In this podcast, Todd Burach, Senior Vice President, Team Leader, of City National Bank joins Mark Wickersham, VP of Strategy, Marketing, and Business Development of AgilLink in a conversation sharing insights and discussing trends around finance in the exciting world of professional sports.
Todd Burach is a Senior Vice President, Team Leader at City National Bank. The primary market focus for Todd and his team is the professional sports industry, covering three specific vertical markets. The first is the trusted advisor market, where they work through key advisors to some of the leading professional athletes in the world, to help them optimize financial opportunities for their clients. They also work with a number of pro sports teams and leagues. Finally, they work with firms in the professional sports ecosystem that provide support for businesses in and around the pro sports space.
Mark Wickersham is VP of Strategy, Marketing, and Business Development at AgilLink.
This synopsis is of a podcast conversation between Mark Wickersham and Todd Burach.
Note that the conversation has been edited for length and clarity.
ABOUT CITY NATIONAL BANK SPORTS BANKING TEAM
The sports and entertainment group at City National Bank works with athletes in all professional leagues (including the NBA, NFL, MLB, NHL, MLS, and the WNBA), business managers, multi-family offices, agents, wealth planners, and accountants to help them take advantage of opportunities and achieve financial success. Some members of Todd’s team are former athletes themselves, and the entire team shares a passion for sports. Their goal is to help their clients make the most of their wealth so that it lasts well after their playing days.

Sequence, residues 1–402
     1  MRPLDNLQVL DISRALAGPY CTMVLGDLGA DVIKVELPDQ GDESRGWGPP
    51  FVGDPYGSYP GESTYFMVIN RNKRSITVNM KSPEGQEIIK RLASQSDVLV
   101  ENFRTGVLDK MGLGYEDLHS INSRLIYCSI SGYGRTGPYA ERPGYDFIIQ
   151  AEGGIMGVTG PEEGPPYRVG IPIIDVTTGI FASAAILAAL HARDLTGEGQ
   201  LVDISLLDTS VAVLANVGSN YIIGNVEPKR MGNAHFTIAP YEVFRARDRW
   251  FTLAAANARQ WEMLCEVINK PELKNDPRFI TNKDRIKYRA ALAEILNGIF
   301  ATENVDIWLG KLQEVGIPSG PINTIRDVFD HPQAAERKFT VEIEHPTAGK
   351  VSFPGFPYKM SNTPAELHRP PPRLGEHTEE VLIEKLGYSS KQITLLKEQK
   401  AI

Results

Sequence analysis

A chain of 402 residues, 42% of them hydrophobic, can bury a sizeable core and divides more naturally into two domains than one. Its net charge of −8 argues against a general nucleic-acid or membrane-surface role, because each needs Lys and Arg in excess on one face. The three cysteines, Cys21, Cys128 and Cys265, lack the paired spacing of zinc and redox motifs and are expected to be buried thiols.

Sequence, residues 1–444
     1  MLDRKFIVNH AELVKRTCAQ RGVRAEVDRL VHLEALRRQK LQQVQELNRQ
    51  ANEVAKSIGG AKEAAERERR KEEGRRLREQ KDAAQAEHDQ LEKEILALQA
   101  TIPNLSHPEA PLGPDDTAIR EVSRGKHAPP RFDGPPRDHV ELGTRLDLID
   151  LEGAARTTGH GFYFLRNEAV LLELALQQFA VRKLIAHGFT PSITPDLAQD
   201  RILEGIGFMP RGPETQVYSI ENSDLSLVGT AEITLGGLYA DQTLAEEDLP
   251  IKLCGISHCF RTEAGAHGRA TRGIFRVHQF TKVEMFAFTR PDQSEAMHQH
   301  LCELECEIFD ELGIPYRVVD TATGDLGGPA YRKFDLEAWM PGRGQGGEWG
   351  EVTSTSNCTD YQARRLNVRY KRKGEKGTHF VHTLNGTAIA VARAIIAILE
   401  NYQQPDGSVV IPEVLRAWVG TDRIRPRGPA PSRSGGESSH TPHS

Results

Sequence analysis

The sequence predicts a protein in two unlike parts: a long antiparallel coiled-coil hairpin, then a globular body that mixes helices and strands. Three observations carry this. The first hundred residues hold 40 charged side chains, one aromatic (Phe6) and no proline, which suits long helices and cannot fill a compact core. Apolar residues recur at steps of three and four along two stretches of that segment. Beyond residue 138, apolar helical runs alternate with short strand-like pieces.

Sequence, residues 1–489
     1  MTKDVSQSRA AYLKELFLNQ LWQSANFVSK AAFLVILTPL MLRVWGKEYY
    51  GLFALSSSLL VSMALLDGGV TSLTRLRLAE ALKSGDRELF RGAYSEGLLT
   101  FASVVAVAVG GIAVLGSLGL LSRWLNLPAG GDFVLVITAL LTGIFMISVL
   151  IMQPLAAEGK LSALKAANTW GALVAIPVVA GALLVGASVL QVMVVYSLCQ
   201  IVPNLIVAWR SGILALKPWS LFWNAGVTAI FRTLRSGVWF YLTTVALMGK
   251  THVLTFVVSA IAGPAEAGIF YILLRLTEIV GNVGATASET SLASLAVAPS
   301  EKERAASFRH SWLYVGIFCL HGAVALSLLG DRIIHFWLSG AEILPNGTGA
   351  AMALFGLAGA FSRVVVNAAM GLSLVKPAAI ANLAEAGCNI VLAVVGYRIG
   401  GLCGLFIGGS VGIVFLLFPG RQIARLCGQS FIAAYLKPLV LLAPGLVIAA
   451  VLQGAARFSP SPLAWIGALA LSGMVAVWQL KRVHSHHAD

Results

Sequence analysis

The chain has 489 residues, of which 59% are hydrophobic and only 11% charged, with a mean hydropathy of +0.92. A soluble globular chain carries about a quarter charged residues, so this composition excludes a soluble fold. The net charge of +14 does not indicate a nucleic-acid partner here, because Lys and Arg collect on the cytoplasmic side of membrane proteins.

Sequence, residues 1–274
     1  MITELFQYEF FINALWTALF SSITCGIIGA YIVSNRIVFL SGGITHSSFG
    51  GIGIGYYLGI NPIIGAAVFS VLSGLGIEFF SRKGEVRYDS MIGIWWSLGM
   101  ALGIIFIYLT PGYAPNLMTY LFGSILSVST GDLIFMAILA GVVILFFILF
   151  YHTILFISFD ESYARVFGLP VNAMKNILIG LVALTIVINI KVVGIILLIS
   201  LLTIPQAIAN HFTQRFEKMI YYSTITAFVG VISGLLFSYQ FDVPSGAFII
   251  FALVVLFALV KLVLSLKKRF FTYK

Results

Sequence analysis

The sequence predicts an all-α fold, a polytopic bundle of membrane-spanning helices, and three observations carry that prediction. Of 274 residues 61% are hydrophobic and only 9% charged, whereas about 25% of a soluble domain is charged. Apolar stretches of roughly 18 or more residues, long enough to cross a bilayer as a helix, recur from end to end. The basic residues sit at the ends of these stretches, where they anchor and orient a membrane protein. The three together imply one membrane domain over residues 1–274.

WHAT SHOULD FIRMS BE AWARE OF WHEN IT COMES TO ATHLETES AS CLIENTS?
Mark opened the session by posing this question, “Todd, I know a lot of firms, multifamily offices in particular, are looking to expand their roster a little bit and want to attract and service professional athletes. Obviously, you spend a lot of time with firms that service those athletes as well as athletes themselves. What should firms be aware of when it comes to trying to attract and service these types of clients?”
Burach says, “Getting into this industry is something you can't do quickly if you want to be in it for the long term. It's got to be done the right way, and it's got to be a long-term commitment. You can't just say, ‘Hey, we're in sports and entertainment.’ You’ve got to back it up with solutions, expertise, and experience and product. It takes a real commitment from a culture perspective, from a product perspective, and from an investment perspective, including understanding the risks. When you do it the right way, not only can it be an exciting and lucrative place to be, but you can also make a real difference in the lives of the athletes and their families that you serve.”
WHAT DO PROFESSIONAL ATHLETES EXPECT FROM THEIR FINANCIAL ADVISORS?